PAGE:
As each week comes around, I ponder on what I can write about come Wednesday. I realise now that planning is unnecessary - something always falls into my lap! This week it was a mention from my friend Shirley of the Fibonacci Sequence, as she gazed at a beautiful little violet. Perhaps this is as new to you as it is to me. "The fibber what?" I asked. And so she told me...
There is a series of numbers which each add up to make the next number in the series, and which appear time and again in nature, art and music. As they appear in nature (especially in the number of petals on flowers) they obviously can't be contrived - they really do occur 'naturally'. You start with the number 0 and then 1. Add them together and you get another 1. Add both 1s together and you get 2. Then you add 2 to 1 which gives 3. Then you add 3 to 2 which gives 5. Then add 5 to 3 which gives 8. The start of the series reads:
0 1 1 2 3 5 8 13 21 and so on, ad infinitum.
Shirley showed me how the violet we were admiring had 5 petals. I started examining the flora all around. Irises had 3 petals, buttercups 5, osteospurnums had 13, some daisy things (I'm no Monty Don) had 21. Every flower I looked at had petals that corresponded to Fibonacci numbers. How mysterious!
I felt impelled to look into Fibonacci and music. It's always fascinated me that music one has never heard before can sound predictable. And that certain combinations of notes can put across clear emotions, and reduce a whole audience to tears, or joy, or militance. Was this mysterious sequence behind it?
Well, it's turned out to be a much bigger subject than I imagined. There are lots of intriguing websites covering the subject, but as an appetite whetter here are a few facts:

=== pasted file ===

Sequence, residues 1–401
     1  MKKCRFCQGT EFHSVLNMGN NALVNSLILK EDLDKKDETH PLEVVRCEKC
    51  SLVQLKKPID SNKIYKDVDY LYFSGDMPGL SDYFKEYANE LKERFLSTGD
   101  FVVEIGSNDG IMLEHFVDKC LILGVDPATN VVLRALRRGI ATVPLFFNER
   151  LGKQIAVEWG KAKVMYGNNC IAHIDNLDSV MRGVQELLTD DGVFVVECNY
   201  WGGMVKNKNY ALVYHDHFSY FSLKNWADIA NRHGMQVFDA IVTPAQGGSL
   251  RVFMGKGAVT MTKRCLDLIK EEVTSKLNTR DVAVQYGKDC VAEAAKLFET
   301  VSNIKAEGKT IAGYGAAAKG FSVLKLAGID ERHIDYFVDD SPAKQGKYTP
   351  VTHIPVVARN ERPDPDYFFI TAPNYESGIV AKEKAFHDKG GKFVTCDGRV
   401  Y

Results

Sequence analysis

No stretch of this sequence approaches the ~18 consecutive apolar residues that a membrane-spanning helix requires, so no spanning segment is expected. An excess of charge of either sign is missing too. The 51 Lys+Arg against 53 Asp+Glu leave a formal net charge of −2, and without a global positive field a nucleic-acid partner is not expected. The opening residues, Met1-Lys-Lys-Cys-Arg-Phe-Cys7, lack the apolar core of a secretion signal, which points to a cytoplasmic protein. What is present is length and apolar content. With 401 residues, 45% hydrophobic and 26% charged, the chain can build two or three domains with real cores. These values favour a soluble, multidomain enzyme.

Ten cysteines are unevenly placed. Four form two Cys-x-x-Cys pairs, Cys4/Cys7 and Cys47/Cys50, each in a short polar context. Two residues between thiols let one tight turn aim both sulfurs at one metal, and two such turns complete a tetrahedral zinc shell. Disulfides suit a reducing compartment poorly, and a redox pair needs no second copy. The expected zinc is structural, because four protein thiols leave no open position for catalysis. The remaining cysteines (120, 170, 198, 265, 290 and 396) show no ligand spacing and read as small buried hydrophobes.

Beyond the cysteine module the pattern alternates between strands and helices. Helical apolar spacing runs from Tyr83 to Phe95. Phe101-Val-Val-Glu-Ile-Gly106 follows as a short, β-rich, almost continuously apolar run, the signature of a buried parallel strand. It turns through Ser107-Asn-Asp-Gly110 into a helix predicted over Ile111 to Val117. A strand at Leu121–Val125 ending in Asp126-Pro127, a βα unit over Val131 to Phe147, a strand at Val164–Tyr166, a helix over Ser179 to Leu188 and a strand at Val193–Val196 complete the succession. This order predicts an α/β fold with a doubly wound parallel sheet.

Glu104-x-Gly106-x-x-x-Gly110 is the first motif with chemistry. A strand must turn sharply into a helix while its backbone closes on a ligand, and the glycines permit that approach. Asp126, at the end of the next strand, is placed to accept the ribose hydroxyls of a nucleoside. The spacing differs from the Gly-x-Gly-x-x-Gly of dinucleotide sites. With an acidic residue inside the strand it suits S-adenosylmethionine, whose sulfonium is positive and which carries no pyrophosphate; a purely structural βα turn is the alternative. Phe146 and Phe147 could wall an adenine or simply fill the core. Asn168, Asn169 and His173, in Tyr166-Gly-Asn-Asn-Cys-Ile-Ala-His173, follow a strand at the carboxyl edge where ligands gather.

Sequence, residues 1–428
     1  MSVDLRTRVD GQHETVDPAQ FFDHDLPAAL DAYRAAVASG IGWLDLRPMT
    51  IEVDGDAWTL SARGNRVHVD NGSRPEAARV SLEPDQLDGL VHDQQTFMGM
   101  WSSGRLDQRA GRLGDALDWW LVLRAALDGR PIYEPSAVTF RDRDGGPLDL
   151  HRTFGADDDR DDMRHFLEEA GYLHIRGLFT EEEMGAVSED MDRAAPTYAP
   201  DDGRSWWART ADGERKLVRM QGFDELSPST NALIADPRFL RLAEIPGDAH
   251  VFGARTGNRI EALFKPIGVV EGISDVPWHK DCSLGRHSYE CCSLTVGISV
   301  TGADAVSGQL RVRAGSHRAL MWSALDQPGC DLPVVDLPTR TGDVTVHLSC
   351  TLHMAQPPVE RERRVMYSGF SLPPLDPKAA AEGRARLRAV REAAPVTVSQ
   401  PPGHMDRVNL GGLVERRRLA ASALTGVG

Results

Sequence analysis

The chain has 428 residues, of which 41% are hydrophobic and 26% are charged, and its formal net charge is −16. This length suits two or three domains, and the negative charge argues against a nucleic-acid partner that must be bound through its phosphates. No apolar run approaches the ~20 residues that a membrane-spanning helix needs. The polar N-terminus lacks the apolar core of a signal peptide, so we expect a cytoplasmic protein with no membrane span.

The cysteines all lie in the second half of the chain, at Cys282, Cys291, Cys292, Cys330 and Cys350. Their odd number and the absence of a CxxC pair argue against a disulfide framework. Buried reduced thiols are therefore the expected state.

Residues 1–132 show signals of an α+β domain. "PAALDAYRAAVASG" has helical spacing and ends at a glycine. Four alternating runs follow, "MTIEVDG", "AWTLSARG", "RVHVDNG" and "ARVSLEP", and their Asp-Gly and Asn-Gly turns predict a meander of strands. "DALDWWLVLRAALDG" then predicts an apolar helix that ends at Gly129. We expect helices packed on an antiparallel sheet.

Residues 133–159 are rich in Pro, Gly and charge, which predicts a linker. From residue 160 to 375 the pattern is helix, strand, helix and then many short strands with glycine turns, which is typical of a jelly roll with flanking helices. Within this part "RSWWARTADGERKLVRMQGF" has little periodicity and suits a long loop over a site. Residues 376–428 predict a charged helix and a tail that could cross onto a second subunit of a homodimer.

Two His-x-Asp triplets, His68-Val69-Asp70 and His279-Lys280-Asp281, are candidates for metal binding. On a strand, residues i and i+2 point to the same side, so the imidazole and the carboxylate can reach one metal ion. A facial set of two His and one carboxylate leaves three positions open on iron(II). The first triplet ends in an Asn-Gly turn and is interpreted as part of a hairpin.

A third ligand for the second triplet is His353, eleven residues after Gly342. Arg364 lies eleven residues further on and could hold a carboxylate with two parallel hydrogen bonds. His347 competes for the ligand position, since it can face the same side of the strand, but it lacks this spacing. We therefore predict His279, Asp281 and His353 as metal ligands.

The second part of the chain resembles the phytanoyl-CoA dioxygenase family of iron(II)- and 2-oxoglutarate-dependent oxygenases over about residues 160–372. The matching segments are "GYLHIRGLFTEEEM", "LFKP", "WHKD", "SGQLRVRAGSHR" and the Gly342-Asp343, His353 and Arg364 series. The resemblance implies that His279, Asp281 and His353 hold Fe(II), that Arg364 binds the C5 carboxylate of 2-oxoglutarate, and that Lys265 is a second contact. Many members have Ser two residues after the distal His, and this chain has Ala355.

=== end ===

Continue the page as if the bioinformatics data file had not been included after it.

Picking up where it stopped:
A whole octave of notes, say C to the C above including the black keys, contains 13 notes in total. The home note, known as the tonic (in this case C) is number 1 and 13. The next most important note is the dominant, in this case G, which is note number 8 of the 13. Looking at the 8 white keys which make up the actual scale of C (CDEFGABC), the first C is number 1, the upper C is number 8 and G, the dominant, is number 5. The home chord in the key of C is C chord (CEG) and C is note number 1 of the scale, E is number 3 and G is number 5. Thinking back to the 13 notes including the black keys, C is 1, E is 5 and G is 8.
If you're familiar with the Circle of Fifths, you'll realise this is also based on the same pattern. All in all, it is just too perfect to be pure chance. And that's just the tip of the iceberg. The point where a piece of music climaxes fits mathematically. The relative frequencies of the notes obey the rule too. Having read all this, my head was spinning, so I put on the television to watch The Autistic Gardener. And what was he discussing? Using the Fibonacci sequence to design a garden layout, based on the Fibonacci spiral found in all pine cones!!!
If you find this as interesting as I did, you may care to visit:
and finally this spine-tinglingly wonderful documentary: